Film Review: “Tumhari Sulu” Is A Refreshing Change At The End Of A year Of Mostly Lacklustre Offerings!

Sulu is a happy-go-lucky and fun-loving person, a practical joker, quick-tempered but incredibly protective and loving towards her family.

In this year of disastrously lacklustre blockbuster movies and a few, hidden lower-budget gems, Tumhari Sulu was a delightful 140-minute rollercoaster of laughter, joy and tears. Directed by Suresh Triveni, and starring Vidya Balan as the titular character, the film is a slice-of-life experience, and while it has a very simple premise and plot, it most definitely succeeds in tugging at our heartstrings.

Set in Mumbai, the story is centred on Sulochana aka Sulu: a middle-class housewife living in suburban Virar with her husband, Ashok (Manav Kaul), and son, Pranav (Abhishek Sharma). Sulu is a happy-go-lucky and fun-loving person, a practical joker, quick-tempered but incredibly protective and loving towards her family. Constantly pressured by her parents and elder twin sisters to ‘do something’ with her life, Sulu frequently participates in her contests organised in her housing society, and finds joy in the most mundane things (even a lemon and teaspoon race). While her husband works as a garment sweatshop supervisor, and her son goes to school, Sulu sits idle, listening to the radio, with the company of only a pigeon who shits daily on her balcony and laundry.

The film switches between the two hugely different sides of Mumbai: the quiet, homely and almost stagnating suburbs, and the happening, upbeat, ‘always alive’ side of the corporate and entertainment industry. We see the unabashed (but slightly insecure about her 12th class school failure) Sulu navigate from her small one-bedroom in the Jal Padma Housing Society to the massive office skyscrapers of Bandra Kurla Complex, as she surprises RJs and her glamorous boss, Maria (Neha Dhupia), at the Radio Wow office with her carefree attitude and voice.

The office is filled with some pretty interesting characters, such as the bubbly morning segment host, RJ Albeli Anjali (played by Malishka Mendonsa, who actually is an RJ offscreen as well), and Pankaj (Vijay Maurya), the eccentric resident Indian bohemian self-proclaimed poet, who gives vocal training to Sulu for her own late-night show.

As a character, Sulu is a refreshing presence in the office, and shares an interesting dynamic with everyone, even the receptionist. Sulu quickly wins the hearts of the lonely, lovelorn and often lurid men in Mumbai with her late-night show where she adopts a deep and sultry voice and listens to them. We see Sulu defy Pankaj on more than one occasion, eventually winning his begrudging respect for her work.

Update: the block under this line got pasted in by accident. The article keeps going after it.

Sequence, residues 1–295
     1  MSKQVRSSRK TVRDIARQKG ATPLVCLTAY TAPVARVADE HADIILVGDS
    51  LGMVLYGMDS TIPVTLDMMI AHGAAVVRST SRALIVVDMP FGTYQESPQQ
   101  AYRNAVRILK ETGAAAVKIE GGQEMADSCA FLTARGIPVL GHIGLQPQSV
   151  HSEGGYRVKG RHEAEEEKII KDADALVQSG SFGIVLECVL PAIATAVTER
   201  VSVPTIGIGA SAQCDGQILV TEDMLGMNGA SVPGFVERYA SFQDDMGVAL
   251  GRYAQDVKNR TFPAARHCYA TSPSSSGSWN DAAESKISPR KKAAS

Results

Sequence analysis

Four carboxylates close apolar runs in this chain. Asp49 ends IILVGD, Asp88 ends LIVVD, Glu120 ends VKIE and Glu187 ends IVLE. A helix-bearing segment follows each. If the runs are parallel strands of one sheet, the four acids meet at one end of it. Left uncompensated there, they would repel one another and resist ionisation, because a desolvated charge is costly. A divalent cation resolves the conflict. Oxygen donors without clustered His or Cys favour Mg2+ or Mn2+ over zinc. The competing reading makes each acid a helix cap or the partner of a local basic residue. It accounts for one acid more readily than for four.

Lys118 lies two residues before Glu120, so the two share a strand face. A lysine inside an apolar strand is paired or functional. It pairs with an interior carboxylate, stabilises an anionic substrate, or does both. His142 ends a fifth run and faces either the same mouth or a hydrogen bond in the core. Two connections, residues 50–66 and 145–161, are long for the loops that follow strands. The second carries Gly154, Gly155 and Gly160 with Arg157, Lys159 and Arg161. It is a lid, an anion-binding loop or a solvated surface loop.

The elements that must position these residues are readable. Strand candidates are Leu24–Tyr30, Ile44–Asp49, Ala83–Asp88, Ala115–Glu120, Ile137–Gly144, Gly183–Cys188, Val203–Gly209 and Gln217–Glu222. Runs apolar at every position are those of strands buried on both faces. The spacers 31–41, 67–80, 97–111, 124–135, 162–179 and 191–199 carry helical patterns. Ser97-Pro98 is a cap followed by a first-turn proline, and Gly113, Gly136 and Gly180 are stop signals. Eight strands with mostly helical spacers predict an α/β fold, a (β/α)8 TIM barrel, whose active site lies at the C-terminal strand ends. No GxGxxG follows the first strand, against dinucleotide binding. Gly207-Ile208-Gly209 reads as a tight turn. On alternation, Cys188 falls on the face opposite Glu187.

We also see Sulu trying to free herself from the same ol’ familial pressures that we are all so familiar with: to get a job, to do something with her life, the stress of being the youngest in the family, and subsequently, over her new job because it is not ‘appropriate’ or ‘decent’ for her and her family.

While Sulu’s husband is shown to be supportive and loving, he hardly ever takes a stand for her. He is very focused on his own workplace problems, even coming off as slightly misogynist when he belittles Sulu for not giving them enough time because of her job. These little elements build up in the film, and every character holds their ground and evolves over the course of the main story. There are little subplots along the way, some of which are just gags, but give us added insight into the characters and their psyche. Thus, Sulu goes through a journey like most of us, with periods of joy and fun, balancing her home and work lives, until it all comes crashing down in a pretty unexpected and heartwrenching climax.

While the film seems to suffer a little because of less-than-ideal editing (and a couple of extra comedic scenes that it could do without), Tumhari Sulu is an honest movie. Vidya Balan is the soul of the film, and engages the viewers with her spellbinding performance throughout, while still retaining her trademark simple, down-to-earth vibe. This rather simple story is beautifully tied up towards the end, with a second half that is even better than its first. It is not overt or cheesy in its feminist portrayal of the characters’ lives, neither is it preachy about the message it wants to convey. All the actors too deliver memorable performances, making it a feel-good film that is definitely worth watching as we near the end of 2017.

About the author

Nikita Saxena

Nikita believes that the future is female (we have all read the t-shirts) and would like to make something of herself that isn’t just remembered as a “woman (insert editor, writer, cinematographer, etc. here)”. A pop culture and universal media geek, she completed her Bachelors in English from Lady Shri Ram College, New Delhi and her Masters in Mass Communication from AJK-MCRC, Jamia Millia Islamia, New Delhi. Currently, she works in Mumbai as a part of the burgeoning Indian entertainment industry, and hopes to make a big superhero film of her own soon one day.